Tamil actor, professional dancer and photographer Sunder Ramu has dated 335 women in the past few years. But he says he is still 30 short of his target – 365 dates.
Although he’s divorced and “not averse to romance”, his dates are not all romantic ones – and his aim is not just to find love.
“I’m an absolute romantic. I’m looking for love every day, but the idea behind 365 dates is not to find women,” he told the BBC from his home in the southern Indian city of Chennai.
“What I’m trying to do is to raise awareness about women’s rights in India,” he says.
The actor, who did theatre before transitioning to Tamil and Malayalam films a decade ago, kicked off the project on 1 January 2015.
A trawl of his Facebook page tells the stories of women he went on a date with – his 105-year-old grandmother, a woman who collects rubbish from his apartment block, an Irish nun in her 90s, an actress, models, a yoga teacher, activists, politicians, and many others.
“I grew up in a family where women were respected and treated well. And I went to a school where there was no gender discrimination and boys and girls weren’t considered different. But when I stepped out into the world, I realised how deeply embedded gender differences were and it was a big culture shock to me,” he says.
The turning point for him was the Delhi gang-rape of December 2012 when a 23-year-old student was brutally assaulted on a bus in India’s capital.
“The incident churned my stomach. I couldn’t sleep for so many nights,” he says.
It also rankled when during holidays abroad, people would ask him, “why do Indians treat women so badly”?
“We always think that it’s the job of someone else, like the government or the NGOs, to fix what’s broken. But I began thinking what can I do to make a difference?”
And that’s where the idea of 365 dates came from.
“Men too have to be made a part of the solution. They have lots of misconceptions when they go dating, but women are not just legs and curves, each person is different from another.
“By writing about my conversations with my dates, I was trying to tell people: put yourself in the shoes of the other gender and walk a bit, and you’ll understand their problems a bit more,” he says.
Sunder Ramu announced the 365-dates project on 31 December 2014 on Facebook.
The women will have to “ask me out, plan, pick a place and pay for – or cook – the meal”, he wrote. At the end of each month, he said he would use the money he’d saved on meals to buy food for lesser-known charities.
Within minutes, a friend invited him for a lunch date on New Year’s Day.
His first dozen dates were with known people. By the 10th date, local press picked up his story and it spread, bringing in many more invitations. He was dubbed “The Dating King”, “the 365-dates man” and the “serial dater”.
In a country where arranged marriages are still the norm and dating is looked down upon as a “Western import”, his friends were “appalled”.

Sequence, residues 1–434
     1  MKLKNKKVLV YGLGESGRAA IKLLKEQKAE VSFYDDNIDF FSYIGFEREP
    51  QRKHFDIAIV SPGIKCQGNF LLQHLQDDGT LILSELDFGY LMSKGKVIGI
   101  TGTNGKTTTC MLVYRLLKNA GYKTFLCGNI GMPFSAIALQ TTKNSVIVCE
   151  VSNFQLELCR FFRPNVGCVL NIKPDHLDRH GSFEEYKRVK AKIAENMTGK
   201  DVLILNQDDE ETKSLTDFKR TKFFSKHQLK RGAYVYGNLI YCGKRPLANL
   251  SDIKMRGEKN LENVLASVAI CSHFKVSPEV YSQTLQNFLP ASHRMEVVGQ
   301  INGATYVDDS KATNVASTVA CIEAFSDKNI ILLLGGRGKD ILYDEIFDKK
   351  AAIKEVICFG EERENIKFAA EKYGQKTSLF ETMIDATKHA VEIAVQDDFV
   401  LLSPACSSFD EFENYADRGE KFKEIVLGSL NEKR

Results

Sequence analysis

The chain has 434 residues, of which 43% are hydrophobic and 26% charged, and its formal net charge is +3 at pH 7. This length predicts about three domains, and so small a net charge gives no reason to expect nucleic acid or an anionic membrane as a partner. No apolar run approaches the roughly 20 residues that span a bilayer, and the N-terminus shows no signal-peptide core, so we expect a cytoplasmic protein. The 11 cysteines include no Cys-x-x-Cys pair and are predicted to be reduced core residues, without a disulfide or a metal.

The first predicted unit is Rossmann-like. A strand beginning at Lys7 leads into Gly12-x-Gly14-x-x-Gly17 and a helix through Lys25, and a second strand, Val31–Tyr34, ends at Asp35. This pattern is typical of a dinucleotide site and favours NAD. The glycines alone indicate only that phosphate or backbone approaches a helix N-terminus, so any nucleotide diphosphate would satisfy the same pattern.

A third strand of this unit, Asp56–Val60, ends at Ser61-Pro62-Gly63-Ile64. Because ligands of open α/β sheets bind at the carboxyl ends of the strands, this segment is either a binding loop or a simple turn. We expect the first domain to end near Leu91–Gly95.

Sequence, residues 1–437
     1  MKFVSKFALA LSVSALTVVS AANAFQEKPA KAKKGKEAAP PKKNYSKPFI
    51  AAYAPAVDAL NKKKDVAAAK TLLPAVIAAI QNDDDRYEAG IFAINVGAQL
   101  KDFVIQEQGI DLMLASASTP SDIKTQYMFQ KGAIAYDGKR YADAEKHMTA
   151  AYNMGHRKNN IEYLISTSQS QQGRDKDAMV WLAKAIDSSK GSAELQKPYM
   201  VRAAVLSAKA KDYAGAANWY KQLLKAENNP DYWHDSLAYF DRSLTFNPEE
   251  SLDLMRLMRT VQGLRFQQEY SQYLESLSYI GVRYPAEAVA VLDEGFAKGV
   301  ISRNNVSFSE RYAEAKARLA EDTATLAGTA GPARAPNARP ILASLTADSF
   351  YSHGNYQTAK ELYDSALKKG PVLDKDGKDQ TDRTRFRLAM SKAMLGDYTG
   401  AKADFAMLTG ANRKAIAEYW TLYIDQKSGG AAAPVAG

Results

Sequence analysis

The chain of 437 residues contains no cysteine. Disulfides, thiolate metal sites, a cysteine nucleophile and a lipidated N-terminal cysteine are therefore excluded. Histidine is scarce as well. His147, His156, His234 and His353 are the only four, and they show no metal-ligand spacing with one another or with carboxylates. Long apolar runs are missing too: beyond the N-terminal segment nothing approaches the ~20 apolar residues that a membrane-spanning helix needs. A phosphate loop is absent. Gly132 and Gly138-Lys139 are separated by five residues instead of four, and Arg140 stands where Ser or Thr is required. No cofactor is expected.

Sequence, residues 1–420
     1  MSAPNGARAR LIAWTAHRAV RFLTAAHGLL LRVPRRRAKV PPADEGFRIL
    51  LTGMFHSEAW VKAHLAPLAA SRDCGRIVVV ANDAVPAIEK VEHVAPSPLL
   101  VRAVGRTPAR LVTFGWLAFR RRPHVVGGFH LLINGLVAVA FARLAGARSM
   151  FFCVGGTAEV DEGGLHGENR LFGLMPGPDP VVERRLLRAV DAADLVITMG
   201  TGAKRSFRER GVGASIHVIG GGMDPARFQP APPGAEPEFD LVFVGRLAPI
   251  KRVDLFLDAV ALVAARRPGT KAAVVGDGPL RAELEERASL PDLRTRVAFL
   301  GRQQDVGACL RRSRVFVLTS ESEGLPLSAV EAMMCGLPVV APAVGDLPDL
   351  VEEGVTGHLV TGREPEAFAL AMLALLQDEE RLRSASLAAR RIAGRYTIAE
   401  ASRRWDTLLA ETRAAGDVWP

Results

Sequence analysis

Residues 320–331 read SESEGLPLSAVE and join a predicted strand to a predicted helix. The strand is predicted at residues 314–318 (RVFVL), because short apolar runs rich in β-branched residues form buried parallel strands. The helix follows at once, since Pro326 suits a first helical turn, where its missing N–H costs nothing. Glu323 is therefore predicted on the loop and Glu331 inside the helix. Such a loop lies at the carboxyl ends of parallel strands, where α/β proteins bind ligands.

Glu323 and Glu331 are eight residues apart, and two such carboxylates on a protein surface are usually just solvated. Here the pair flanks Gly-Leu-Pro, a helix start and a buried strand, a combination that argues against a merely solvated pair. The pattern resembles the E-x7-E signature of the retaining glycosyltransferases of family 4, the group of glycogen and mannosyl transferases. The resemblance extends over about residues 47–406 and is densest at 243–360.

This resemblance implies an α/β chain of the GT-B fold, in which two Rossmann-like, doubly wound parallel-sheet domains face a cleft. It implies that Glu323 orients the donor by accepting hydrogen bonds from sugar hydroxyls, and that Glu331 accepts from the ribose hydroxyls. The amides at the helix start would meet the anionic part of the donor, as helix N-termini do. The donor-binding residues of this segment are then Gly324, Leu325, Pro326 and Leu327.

“Are you trying to show off that you know lots of women? What is wrong with you? You sound like a playboy,” they chided him.
“But I told them I’m putting it together for others to see. The idea is to start a conversation, ask questions, get another person’s perspective. My final objective is achieving gender equality.”
Since the project started, the actor has dated women from several countries and met his dates in different Indian cities, as well as in Vietnam, Spain, France, US, Thailand and Sri Lanka.
Although he describes each of his dates as “special”, he says one of his most magical dates was with his grandma, who passed away two years back, aged 109.
“I had grown up hearing her say that she wanted to ride in a Mercedes. So, I bought a Merc and went and picked her up from her home in the Kullanchavedi village. She hadn’t stepped out for 22 years, except to vote, since the death of my grandfather.
They went to the local temple and then drove to a lake to watch the sunset.
“She was a little bent with age, but all her faculties were in order. We wore matching aviators and she joked that if she were a bit younger, she’d give all my young dates a run for their money.”
“She was my grandma but this was the first time I had spent so much time alone with her. And I realised I wouldn’t have had this conversation with her if it wasn’t for the date.”
He also shared a meal with Sister Loreto, an Irish nun at a convent in Chennai.
“She was in her 90s and she told me it was her first date ever. She came to India to join the church when she was nine.”
Sunder Ramu says he had initially intended to go on 365 dates in a year, but a devastating flood in November 2015 that submerged many parts of Chennai forced him to stop. He resumed the following year, but decided to pace it.
“I’ve had lots of free meals with lots of beautiful women, and now it’s become a lifelong project. The idea is to keep the conversation going.”
I ask him if he thinks we are living in a more gender equal world today than when he started his project.
“I come from a very privileged space but to think that I can change a country and society so deeply rooted in patriarchy, I’d be kidding myself,” he says.
“But I believe you have to make a start somewhere. It’s not going to happen overnight, there’s no quick fix solution. It will probably take a couple of generations, but we have to start in our lifetime and keep at it.”